numpy.unwrap () in Python

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AutoEncoder — it is a data compression and decompression algorithm implemented with neural networks and / or

# Install TensorFlow 2.0 using the following command
# To install the processor
# pip install -q tensorflow == 2.0
# To install the GPU (CUDA and CuDNN must be available)
# pip install -q tensorflow-gpu == 2.0

 

from __ future__ import absolute_import

from __ future__ import division

from __ future__ import print_function

 

 

import tensorflow as tf

print (tf .__ version__)

After confirming the appropriate TF loading, introduce other data augmentation dependencies and define custom functions as shown below. A standard scaler cleans the data by forming columns. The get_random_block_from_data function is useful when used to transform AutoDiff (automatic differentiation) to get gradients.

import numpy as np

import sklearn.preprocessing as prep

import tensorflow.keras.layers as layers

 

def standard_scale (X_train, X_test):

preprocessor = prep.StandardScaler (). fit (X_train)

X_train = prep rocessor.transform (X_train)

X_test = preprocessor.transform (X_test)

return X_train, X_test

  

def get_random_block_from_data (data, batch_size):

  start_index = np.random.randint ( 0 , len (data) - batch_size)

return data [start_index: (start_index + batch_size)]

AutoEncoders can have a lossy intermediate representation, also known as compressed representation. Such dimensionality reduction is useful in a variety of cases where lossless compression of image data exists. Thus, we can say that the encoding part of AutoEncoder encodes a dense representation of the data. Here we will use the TensorFlow Subclass API to define custom layers for the encoder and decoder.

class Encoder (tf.keras.layers.Layer):

& # 39 ; & # 39; & # 39; Encodes a digit from the MNIST dataset & # 39; & # 39; & # 39;

 

def __ init __ ( self ,

n_dims,

name = `encoder` ,

* * kwargs):

super (Encoder, self ) .__ init __ (name = name, * * kwargs)

  self . n_dims = n_dims

self . n_layers = 1

  self . encode_layer = layers.Dense (n_dims, activation = `relu` )

  

  @ tf . function 

def call ( self , inputs):

  return self . encode_layer (inputs )

 

class Decoder (tf.keras.layers.Layer):

  & # 39; & # 39; & # 39; Decodes a digit from the MNIST dataset & # 39; & # 39; & # 39;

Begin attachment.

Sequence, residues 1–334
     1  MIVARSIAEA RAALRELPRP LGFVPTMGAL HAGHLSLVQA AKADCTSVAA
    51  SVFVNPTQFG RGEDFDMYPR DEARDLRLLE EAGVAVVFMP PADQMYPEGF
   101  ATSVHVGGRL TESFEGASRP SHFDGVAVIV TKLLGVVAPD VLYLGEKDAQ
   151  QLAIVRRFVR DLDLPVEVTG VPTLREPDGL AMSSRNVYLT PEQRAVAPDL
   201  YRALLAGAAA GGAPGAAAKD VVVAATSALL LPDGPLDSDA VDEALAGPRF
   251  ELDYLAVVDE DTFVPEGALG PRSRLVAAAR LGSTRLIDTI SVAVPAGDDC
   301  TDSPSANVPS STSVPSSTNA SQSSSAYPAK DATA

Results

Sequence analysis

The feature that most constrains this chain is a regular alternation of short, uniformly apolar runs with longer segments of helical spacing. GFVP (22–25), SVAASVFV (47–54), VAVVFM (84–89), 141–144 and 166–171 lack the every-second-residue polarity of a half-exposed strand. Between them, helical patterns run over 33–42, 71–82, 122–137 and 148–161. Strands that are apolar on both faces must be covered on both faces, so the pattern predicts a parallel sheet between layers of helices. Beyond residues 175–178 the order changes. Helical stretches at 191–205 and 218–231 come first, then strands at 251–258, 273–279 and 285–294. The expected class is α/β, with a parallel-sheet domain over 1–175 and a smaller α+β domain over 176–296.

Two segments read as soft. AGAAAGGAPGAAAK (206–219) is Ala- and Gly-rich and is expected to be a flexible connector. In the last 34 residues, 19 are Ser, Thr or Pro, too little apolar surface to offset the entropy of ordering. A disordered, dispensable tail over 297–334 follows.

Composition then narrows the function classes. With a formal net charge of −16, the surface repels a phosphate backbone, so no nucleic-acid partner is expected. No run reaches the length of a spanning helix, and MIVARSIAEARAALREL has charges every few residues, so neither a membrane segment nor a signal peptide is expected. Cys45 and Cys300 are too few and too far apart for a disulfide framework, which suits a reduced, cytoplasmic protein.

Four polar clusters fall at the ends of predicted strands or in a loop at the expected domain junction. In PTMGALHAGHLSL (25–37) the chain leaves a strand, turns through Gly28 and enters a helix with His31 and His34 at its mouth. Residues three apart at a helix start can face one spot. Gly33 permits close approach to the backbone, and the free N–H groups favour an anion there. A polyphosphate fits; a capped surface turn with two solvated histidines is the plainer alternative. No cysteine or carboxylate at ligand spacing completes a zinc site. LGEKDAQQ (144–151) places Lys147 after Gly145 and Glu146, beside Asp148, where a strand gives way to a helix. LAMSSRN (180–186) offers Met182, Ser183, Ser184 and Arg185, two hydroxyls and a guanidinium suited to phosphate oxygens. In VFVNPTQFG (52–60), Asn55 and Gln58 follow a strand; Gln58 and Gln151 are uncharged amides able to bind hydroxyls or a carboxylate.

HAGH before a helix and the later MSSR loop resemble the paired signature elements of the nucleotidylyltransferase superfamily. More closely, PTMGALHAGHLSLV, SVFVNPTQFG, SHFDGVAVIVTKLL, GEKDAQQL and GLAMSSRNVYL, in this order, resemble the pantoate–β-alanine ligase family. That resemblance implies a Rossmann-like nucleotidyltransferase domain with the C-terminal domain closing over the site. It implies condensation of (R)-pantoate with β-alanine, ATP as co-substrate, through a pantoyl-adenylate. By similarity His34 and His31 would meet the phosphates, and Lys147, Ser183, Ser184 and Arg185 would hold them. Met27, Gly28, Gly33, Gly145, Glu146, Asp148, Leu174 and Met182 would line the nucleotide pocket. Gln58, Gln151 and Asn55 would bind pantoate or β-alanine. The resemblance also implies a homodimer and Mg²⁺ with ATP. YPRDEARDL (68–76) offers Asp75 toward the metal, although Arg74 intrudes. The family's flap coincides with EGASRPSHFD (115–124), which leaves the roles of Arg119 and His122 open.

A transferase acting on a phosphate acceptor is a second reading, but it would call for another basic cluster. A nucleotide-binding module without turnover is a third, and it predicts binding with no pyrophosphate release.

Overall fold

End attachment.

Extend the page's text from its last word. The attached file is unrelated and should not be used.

def __ init __ ( self ,

n_dims,

name = `decoder` ,

* * kwargs):

super (Decoder, self ) .__ init __ (name = name, * * kwargs)

  self . n_dims = n_dims

self . n_layers = len (n_dims)

self . decode_middle = layers.Dense (n_dims [ 0 ], activation = ` relu` )

self . recon_layer = layers.Dense (n_dims [ 1 ] , activatio n = `sigmoid` )

 

@ tf . function 

def call ( self , inputs):

x = self . decode_middle (inputs)

return self . recon_layer (x)

We then expand to define a custom model that uses our previously defined custom layers to generate the AutoEn model coder. The call function is overridden, which is a direct pass when the data is made available to the model object. Notice the decorator function. This ensures that the function is executed in a graph, which speeds up our execution.

class Autoencoder (tf. keras.Model):

& # 39; & # 39; & # 39; Vanilla autoencoder for digits MNIST & # 39; & # 39; & # 39;

 

def __ init __ ( self ,

n_dims = [ 200 , 392 , 784 ],

name = `autoencoder` ,

* * kwargs):

super (Autoencoder, self ) .__ init __ (name = name, * * kwargs)

self . n_dims = n_dims

self . encoder = Encoder (n_dims [ 0 ])

  self . decoder = Decoder ([n_dims [ 1 ], n_dims [ 2 ] ])

  

  @ tf . function 

def call ( self , inputs):

  x = self . encoder (inputs)

return self . decoder (x)

The next block of code prepares the dataset and prepares the data to be passed to the preprocessing pipeline before training AutoEncoder.

mnist = tf.keras.datasets.mnist

 

(X_train, _), (X_test, _) = mnist.load_data ()

X_train = tf.cast (np.reshape (

X_train, (X_train.shape [ 0 ], 

X_train.shape [ 1 ] * X_train.shape [ 2 ])), tf.float64)

X_test = tf.cast (

np.reshap e (X_test, 

(X_test.shape [ 0 ], 

  X_test.shape [ 1 ] * X_test.shape [ 2 ])), tf.float64)

 

X_train, X_test = standard_scale (X_train, X_test)

It is recommended to use TensorFlow to quickly obtain mixed batch tensor slices from a training dataset. The following code block demonstrates the use of tf.data and also defines hyperparameters for training the AutoEncoder model.

train_data = tf.data.Dataset.from_tensor_slices (

X_train) .batch ( 128 ). Shuffle (buffer_size = 1024 )

test_data = tf.data.Dataset.from_tensor_slices (

X_test) .batch ( 128 ). shuffle (buffer_size = 512 )

  

n_samples = int ( len (X_train) + len ( X_test))

training_epochs = 20

batch_size = 128

display_step = 1

 

optimizer = tf.optimizers.Adam (learning_rate = 0.01 )

mse_l oss = tf.keras.losses.MeanSquaredError ()

loss_metric = tf.keras.metrics.Mean ()

We have met all the prerequisites to train our AutoEncoder model! All we have left to do is — it is to define an AutoEncoder object and compile the optimizer and lossy model before calling model.train for it for the hyperparameters defined above. Voila! You can see loss reduction and AutoEncoder improving your performance!

ae = Autoencoder ([ 200 , 392 , 784 ])

ae. compile (optimizer = tf.optimizers.Adam ( 0.01 ), 

loss = `categorical_crossentropy` )

ae.fit (X_train, X_train, batch_size = 64 , epochs = 5 )

You can check out the IPython notebook here and by the colab demo I provided TensorFlow here . Follow me on GitHub .

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